Flashcards for Toddlers and Kids
How toddlers and kids learn
Toddlers and kids are experimenting, thinking, solving problems and learning all the time. They learn best by actively engaging with their environment. This includes observing things and people, listening to and making sounds and words, exploring objects and experimenting with textures and materials (such as water, sand and dirt).
Using visual imagery to learn
Vision develops rapidly in an infant and evolves into the dominant means by which children learn about their world. Around 90% of the information that is transmitted to the brain is visual in nature and it is processed very quickly. In fact, the brain is able to see visual images that appear for a mere 13 milliseconds.
Studies show that we typically retain 10 to 20% of written or spoken information compared to 65% when it is presented visually. Various types of visual imagery can be effective for learning such as photos, illustrations, symbols and sketches.
Using visual imagery with children
Within an early learning centre or classroom visual imagery can be used to support learning in a variety of ways. For example, a visual schedule, which depicts the day’s activities in images, provides children with an opportunity to anticipate future events, which is often helpful for alleviating anxiety.
Likewise visuals in a classroom can be used to define a child’s personal space. For example, a photo of a child attached to the place where they store their personal belongings, such as their coat and backpack, is helpful for creating a sense of belonging. Similarly, visual images can be used to define spaces within the classroom such as ‘book corner’ and ‘blocks station’. Using visual images in this way assists children to use these spaces for their intended purpose - the book corner is a great spot to sit and read books whereas the blocks station is an ideal place to build a house.
Flashcards for children
Visual imagery in the form of flashcards has been shown to work well for teaching toddlers and kids. They can act as a playful means of enhancing the familiar words that they use (their vocabulary) as well as introducing them to new concepts, such as matching (eg a bowl with spoon or a sock with shoe) and sorting by category.
Their history and use today (show +)
Size variation (show +)
What makes an effective flashcard?
Flashcards that offer captivating imagery, carefully selected for their teaching purpose, have been found to be stimulating and motivate learning. So too are images that that are reflective of the user’s own world. For toddlers and kids this might include images of toys, preferred foods and activities they typically enjoy like playing on a swing or building a sandcastle.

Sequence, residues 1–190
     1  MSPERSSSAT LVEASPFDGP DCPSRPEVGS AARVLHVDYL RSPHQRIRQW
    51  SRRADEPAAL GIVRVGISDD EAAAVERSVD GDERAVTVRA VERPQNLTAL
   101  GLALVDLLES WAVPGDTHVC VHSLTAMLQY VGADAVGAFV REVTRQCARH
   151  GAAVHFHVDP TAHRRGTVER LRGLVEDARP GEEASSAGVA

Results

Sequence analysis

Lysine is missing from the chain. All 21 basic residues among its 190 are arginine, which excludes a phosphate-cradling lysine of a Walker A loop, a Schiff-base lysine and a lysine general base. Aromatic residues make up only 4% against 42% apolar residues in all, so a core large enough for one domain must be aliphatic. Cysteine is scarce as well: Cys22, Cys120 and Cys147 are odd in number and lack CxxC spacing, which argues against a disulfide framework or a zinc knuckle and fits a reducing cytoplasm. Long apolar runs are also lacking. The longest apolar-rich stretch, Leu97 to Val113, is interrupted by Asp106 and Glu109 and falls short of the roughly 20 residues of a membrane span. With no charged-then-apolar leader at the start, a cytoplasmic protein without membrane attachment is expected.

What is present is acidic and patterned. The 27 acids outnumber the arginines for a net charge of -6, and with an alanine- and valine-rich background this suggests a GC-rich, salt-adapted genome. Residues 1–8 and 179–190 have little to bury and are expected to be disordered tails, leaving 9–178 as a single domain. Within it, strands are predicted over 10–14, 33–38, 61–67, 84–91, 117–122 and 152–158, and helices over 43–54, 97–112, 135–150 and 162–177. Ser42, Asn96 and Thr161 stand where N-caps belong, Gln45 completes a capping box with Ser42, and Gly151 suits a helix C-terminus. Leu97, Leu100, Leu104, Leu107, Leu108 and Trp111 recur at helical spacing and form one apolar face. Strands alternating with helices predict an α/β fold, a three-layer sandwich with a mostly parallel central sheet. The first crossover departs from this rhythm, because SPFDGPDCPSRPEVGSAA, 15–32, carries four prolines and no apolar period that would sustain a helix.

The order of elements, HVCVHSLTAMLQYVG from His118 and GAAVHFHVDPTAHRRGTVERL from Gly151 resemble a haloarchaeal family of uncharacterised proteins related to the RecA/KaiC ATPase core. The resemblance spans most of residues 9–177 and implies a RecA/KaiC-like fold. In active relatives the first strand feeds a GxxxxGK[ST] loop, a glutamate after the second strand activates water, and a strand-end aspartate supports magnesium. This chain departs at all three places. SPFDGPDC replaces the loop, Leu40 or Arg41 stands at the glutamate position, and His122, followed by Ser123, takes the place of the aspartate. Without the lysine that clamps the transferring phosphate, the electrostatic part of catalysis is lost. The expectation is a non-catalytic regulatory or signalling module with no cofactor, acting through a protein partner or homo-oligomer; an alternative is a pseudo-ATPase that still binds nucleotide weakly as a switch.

Variety of uses for flashcards
Flashcards can be used in a variety of ways such as developing a child’s matching skills. Matching is a developmental milestone that requires visual discrimination. Learning matching skills in pre-school will support children to match letters and sounds at school, which is crucial for literacy. A parent or teacher might encourage a toddler to match one identical flashcard with another. Alternatively, they might ask them to match similar images, such as two happy faces.
Likewise, flashcards can be used to develop a child’s ability to sort. For example, a set might consist of images that the child needs to sort into categories such as instrument, clothing and appliance. Sorting at an early age is important for understanding numerical concepts later on, such as grouping numbers and sets.
Another skill that flashcards can assist with is spatial reasoning, which relates to how well a person is able to take in new and potentially abstract information and then apply that information appropriately. For example, a flashcard set that depicts a series of prepositions encourages spatial reasoning. A child might be asked to find the image of a mug that is on top of a microwave, followed by the one where the mug is inside the microwave and so forth.
Language development (show +)
Variety of uses for flashcards
And thus, while the image conveyed on a flashcard may be relatively simple, its use may be for increasingly complex learning concepts. For example, a set of verbs flashcards may be used with a toddler to enhance their vocabulary (eg the word ‘swimming’) whereas the parent of a child aged three to four years might use the same set for syntax (eg the formation of the sentence ‘The lady is swimming’). And further on from there, this same set might be used to teach the correct use of past tense (eg swam versus swim).
As a result of their broad application, flashcards work well at home and in formal educational settings, such as school. Parents and teachers alike find them to be a playful means of exploring and teaching key learning concepts. Their success lies in being specific to the particular learning needs of the child.